Debbie Harris, founder of Autumna, believes that ultimately it is competition that drives quality and the rise in importance of the online directory during the Covid pandemic, now means care seekers have more choice and care providers are having to work harder to attract them.
‘Whereas people previously looked locally to find two or three local care homes to visit, they are now doing it digitally and making decisions based on much wider, more detailed searches,’ she says.
‘The average care home shortlist at Autumna has increased from three to ten in the space of just two years.’
When the first lockdown was enforced in March 2020, and it became impossible to visit a care home in person, online became the only way to gather the necessary information to make a decision.
‘Suddenly the big directories like carehome.co.uk and Autumna became super important.’
By presenting information in a standardised format on Autumna, care seekers were not only guided through the questions they needed to ask, but were presented, for the first time, with an easy way to compare and contrast between different care providers.
‘Back then, of course, the big questions that everyone needed the answers to were purely Covid related – “Which care homes have managed to keep Covid out?” – “Which care homes are accepting new placements?’
These were difficult questions to answer at the time, so Autumna established the S.A.F.E infection control initiative which allowed providers to upload details of their IPC policies in an easily searchable format.
Now the questions that care seekers ask are the more normal ones you would expect. But the landscape has changed forever.
‘Care seekers are now quite rightly expecting easily accessible information online. At the click of a button, they want to be able to find their best options and fully understand what they’re getting for their money.’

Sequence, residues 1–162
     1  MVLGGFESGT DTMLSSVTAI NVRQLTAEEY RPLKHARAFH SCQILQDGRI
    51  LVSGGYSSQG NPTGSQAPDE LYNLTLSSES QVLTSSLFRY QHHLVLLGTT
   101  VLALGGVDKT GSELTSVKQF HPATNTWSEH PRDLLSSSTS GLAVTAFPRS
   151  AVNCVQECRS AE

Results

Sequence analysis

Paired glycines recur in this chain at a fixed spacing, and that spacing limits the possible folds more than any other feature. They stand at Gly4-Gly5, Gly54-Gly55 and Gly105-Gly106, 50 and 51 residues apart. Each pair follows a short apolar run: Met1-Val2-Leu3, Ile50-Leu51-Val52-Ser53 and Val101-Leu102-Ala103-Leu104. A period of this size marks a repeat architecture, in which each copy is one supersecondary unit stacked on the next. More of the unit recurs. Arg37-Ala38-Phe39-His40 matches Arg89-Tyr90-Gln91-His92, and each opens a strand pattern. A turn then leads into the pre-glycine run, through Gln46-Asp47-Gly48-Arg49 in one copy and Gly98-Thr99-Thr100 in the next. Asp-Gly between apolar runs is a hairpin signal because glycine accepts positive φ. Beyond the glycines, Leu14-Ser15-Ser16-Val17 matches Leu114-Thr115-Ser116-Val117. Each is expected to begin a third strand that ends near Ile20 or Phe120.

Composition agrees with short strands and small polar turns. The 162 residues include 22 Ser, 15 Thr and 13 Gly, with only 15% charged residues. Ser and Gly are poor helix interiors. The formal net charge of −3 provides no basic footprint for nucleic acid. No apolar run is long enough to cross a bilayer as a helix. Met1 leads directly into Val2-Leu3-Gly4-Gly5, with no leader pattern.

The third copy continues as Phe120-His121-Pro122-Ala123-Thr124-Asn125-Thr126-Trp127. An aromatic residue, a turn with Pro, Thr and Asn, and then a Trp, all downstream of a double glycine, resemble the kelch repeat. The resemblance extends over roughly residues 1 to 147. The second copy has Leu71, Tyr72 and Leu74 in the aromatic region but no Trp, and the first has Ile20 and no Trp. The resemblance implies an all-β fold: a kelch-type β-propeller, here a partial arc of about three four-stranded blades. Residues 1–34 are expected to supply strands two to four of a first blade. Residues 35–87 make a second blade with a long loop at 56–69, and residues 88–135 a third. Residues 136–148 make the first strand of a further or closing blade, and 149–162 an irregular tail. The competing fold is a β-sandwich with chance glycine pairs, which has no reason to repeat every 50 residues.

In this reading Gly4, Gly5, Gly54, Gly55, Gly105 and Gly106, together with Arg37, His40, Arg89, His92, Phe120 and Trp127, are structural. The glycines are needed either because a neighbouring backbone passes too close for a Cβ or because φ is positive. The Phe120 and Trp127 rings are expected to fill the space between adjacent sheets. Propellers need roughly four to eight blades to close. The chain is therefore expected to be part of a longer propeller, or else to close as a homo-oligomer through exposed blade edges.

And it is this new awareness that there is a much wider choice available, that is driving quality.
For example, Autumna recently launched CHOICE Dining the first ever consumer facing accreditation for care home food.
It encompasses a detailed list of quality assurances that the care provider must comply with, in order to be able to display the CHOICE Dining badge.
Once they have it though, not only do they stand out in an online search, but the onus shifts to their competition to ‘up their game’ to try to at least achieve parity.
The overall beneficiary, of course, is the care seeker.
And whilst CHOICE Dining and other differentiators like S.A.F.E are only available to providers who pay a set, standard subscription fee on Autumna, Debbie believes the subscription fee model is the only one that drives quality.
‘We have every UK registered residential and domiciliary care operator on our site, and we don’t pretend the others, who choose not to subscribe, don’t exist.
‘If the care seeker wants to put in the extra work – and quite often they do – then all the contact details of every provider are available.’
This is vastly different to the directories based on a referral model where, Debbie argues, there is very little drive towards quality.
‘I’ve nothing against the referral fee model providing the care seeker is aware of what is going on.
‘The only competition though, that providers might face, comes from those who are prepared to pay more. And when all you’re doing is effectively ‘buying’ placements, then there is no real incentive to improve the quality of service, or staff, or facilities.’
Free and open competition in any sector of business, will always drive quality.